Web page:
Yet again, Westminster is buzzing with talk about when Tony Blair will go.
When he eventually does leave Downing Street, education will be seen by a mile as his most enduring domestic policy achievement. He will have accomplished more in this area than any prime minister since Clement Attlee.
When all the mist of claim and denigration is cleared away, Mr Blair will be seen to have achieved, if not a world-class education system, at least primary and secondary education sectors that are immeasurably better than they were in 1997.
They have been the beneficiary of the bonfire of old Labour thinking on education, as well as a willingness to embrace fresh ideas from abroad, mainly the United States, and from the independent sector. Despite the mantra "standards not structures", it has been structural reform, with the coming of specialist schools, which has lain at the heart of the improvement.
There are now 2,400 specialist schools, nearly 80 per cent of the total of 3,100 maintained secondary schools in England. By most measures of performance -GCSE and A-level results, attendance and "stay-on" rates after 16 - specialist schools have outperformed non-specialist schools.
This is not what the detractors say, but they are wrong. Specialist schools have made a real and material difference to the lives of hundreds of thousands of pupils. Driving this change has been the Specialist Schools and Academies Trust (SSAT). Founded in 1987 under Margaret Thatcher, the trust in its first incarnation helped to establish the first 15 city technology colleges, which are the forerunners of today's controversial but pioneering academies.
In 1994, the first 50 specialist technology colleges were created from existing comprehensive schools to specialise in teaching the first three specialisms of mathematics, science, and design and technology. Within two years, others were added, including languages, sports and art.
The current name was adopted in 2005 when the Specialist Schools Trust was given the added responsibility of driving forward the academies programme to achieve former prime minister John Major's target of establishing 200 of these schools within the next few years.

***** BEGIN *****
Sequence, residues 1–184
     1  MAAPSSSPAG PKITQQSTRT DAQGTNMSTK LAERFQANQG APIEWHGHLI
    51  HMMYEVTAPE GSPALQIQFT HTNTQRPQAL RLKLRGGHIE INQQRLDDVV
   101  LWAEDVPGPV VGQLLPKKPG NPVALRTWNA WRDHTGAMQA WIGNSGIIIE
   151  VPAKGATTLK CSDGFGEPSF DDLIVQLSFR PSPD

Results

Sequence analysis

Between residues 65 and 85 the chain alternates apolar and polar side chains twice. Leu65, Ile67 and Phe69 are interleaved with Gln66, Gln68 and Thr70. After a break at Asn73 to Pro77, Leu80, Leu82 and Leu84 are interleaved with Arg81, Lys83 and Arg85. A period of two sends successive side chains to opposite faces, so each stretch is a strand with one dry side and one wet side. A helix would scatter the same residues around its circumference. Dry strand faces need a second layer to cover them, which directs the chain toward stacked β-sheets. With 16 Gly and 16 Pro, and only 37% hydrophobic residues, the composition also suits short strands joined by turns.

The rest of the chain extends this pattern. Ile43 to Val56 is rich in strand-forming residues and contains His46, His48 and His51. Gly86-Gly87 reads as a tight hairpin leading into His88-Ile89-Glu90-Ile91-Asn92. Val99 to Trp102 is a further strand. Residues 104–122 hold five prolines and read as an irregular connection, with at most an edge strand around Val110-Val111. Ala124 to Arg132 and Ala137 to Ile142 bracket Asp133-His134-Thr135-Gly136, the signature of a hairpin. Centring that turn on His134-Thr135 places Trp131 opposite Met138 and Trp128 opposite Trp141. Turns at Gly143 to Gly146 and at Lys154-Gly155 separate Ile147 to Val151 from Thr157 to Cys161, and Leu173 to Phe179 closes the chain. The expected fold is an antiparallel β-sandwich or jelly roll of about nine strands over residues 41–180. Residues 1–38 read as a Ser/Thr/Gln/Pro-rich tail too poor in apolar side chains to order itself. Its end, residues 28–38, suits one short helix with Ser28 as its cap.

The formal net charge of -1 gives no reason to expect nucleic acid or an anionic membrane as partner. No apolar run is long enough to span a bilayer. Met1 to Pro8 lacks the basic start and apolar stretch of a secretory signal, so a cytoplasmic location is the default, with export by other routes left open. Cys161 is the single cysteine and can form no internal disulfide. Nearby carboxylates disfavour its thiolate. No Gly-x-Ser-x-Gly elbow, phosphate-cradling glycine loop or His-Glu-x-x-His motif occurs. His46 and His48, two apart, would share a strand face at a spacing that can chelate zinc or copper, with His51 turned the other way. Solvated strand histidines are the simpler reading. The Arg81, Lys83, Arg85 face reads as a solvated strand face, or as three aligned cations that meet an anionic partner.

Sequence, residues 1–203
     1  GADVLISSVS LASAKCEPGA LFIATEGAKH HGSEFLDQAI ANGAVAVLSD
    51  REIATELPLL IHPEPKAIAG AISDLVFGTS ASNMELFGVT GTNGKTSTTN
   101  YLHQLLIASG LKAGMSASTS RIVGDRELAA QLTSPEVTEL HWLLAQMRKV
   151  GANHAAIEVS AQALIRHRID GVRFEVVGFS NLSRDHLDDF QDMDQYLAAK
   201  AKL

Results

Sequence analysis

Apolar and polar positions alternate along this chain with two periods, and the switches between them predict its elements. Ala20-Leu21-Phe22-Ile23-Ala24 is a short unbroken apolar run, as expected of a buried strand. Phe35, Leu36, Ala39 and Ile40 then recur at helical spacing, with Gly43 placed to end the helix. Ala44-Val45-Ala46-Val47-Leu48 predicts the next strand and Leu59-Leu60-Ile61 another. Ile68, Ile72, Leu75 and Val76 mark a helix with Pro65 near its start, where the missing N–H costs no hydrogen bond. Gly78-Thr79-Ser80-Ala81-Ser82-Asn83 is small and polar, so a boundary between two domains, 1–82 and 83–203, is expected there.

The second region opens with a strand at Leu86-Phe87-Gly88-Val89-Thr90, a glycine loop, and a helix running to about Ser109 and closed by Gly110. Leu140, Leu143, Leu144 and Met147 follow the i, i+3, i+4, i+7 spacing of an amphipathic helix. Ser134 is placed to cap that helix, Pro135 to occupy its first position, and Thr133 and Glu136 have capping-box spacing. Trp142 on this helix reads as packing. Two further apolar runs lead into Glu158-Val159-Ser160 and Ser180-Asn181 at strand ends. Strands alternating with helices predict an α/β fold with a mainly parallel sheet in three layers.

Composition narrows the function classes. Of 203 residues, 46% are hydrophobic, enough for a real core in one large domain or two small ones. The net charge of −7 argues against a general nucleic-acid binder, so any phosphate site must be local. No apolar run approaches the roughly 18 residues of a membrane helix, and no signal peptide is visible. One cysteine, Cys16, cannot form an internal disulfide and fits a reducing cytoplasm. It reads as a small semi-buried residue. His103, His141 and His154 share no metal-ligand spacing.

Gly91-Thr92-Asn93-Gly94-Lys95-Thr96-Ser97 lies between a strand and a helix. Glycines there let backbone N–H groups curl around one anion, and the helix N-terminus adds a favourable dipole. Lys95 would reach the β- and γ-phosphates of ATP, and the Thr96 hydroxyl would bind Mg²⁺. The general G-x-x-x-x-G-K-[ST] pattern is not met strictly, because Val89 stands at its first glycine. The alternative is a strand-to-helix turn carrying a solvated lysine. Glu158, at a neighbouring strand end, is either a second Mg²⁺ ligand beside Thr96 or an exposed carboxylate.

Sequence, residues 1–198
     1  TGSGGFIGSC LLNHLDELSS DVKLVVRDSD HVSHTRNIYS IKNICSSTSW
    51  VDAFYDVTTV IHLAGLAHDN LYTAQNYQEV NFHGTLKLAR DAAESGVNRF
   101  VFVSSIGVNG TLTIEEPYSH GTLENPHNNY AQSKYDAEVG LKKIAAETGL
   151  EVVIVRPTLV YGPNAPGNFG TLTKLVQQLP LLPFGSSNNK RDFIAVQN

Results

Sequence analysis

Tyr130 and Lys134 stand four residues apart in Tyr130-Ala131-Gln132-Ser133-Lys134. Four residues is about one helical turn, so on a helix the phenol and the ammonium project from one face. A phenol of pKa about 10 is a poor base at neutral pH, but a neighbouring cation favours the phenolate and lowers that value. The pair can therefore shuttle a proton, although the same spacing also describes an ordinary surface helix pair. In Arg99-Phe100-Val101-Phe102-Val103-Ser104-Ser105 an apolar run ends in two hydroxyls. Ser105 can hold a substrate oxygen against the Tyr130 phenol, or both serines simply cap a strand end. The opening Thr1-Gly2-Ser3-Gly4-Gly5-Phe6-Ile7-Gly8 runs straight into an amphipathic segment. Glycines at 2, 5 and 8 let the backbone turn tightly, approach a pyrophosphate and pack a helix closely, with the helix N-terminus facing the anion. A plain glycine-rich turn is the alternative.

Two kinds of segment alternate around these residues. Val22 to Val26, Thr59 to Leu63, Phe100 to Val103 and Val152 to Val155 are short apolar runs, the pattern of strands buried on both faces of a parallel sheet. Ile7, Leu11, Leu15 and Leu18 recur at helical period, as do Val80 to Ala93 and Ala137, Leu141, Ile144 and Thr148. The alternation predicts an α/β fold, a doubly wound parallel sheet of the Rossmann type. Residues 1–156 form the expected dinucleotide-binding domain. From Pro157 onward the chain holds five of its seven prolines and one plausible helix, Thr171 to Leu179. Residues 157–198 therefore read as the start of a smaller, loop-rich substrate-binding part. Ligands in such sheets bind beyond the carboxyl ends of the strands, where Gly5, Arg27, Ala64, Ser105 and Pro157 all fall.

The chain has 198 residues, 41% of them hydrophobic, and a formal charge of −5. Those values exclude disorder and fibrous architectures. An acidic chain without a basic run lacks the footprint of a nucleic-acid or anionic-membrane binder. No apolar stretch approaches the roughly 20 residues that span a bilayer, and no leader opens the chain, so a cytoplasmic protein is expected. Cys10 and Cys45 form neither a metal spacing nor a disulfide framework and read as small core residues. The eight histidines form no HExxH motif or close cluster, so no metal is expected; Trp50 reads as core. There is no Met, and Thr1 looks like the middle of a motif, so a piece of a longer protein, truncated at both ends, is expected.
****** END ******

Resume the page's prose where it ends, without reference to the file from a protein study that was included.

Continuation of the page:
The SSAT is not only spearheading the drive to make all remaining secondary schools either specialist schools or academies: it has also developed an ambitious programme to disseminate learning and best practice across all schools. It has established networks so that schools with different specialisms can cross-fertilise their ideas, and it is developing links with schools in Australia, China, the US, South America and elsewhere.
Leadership courses are one of its most impressive features. Using the expertise of heads and deputy heads, the trust has been far more successful than the National College for School Leadership.
I would urge independent schools to affiliate to the SSAT, as my own school is doing. They will not only gain much from the exchange of ideas - not least about curriculum development and ICT - but they will also be engaged in bridging the worst feature of British education over the past 100 years: the chasm between the independent and state sectors.
It is utterly crazy to continue to allow both sectors to inhabit parallel universes. As soon as proper exchange happens, people will begin to ask, "Why did this not begin to happen in earnest before?"
Not that specialist schools are flawless. In particular, it seems odd to those in the independent sector that so much weight should be given to just one specialism. Independent schools try to be excellent in all the 11 areas of specialism. So the recent move for "high-performing" specialist schools to be allowed to develop a second specialism is encouraging. More in this direction, please.
Anthony Seldon is master of Wellington college, Berkshire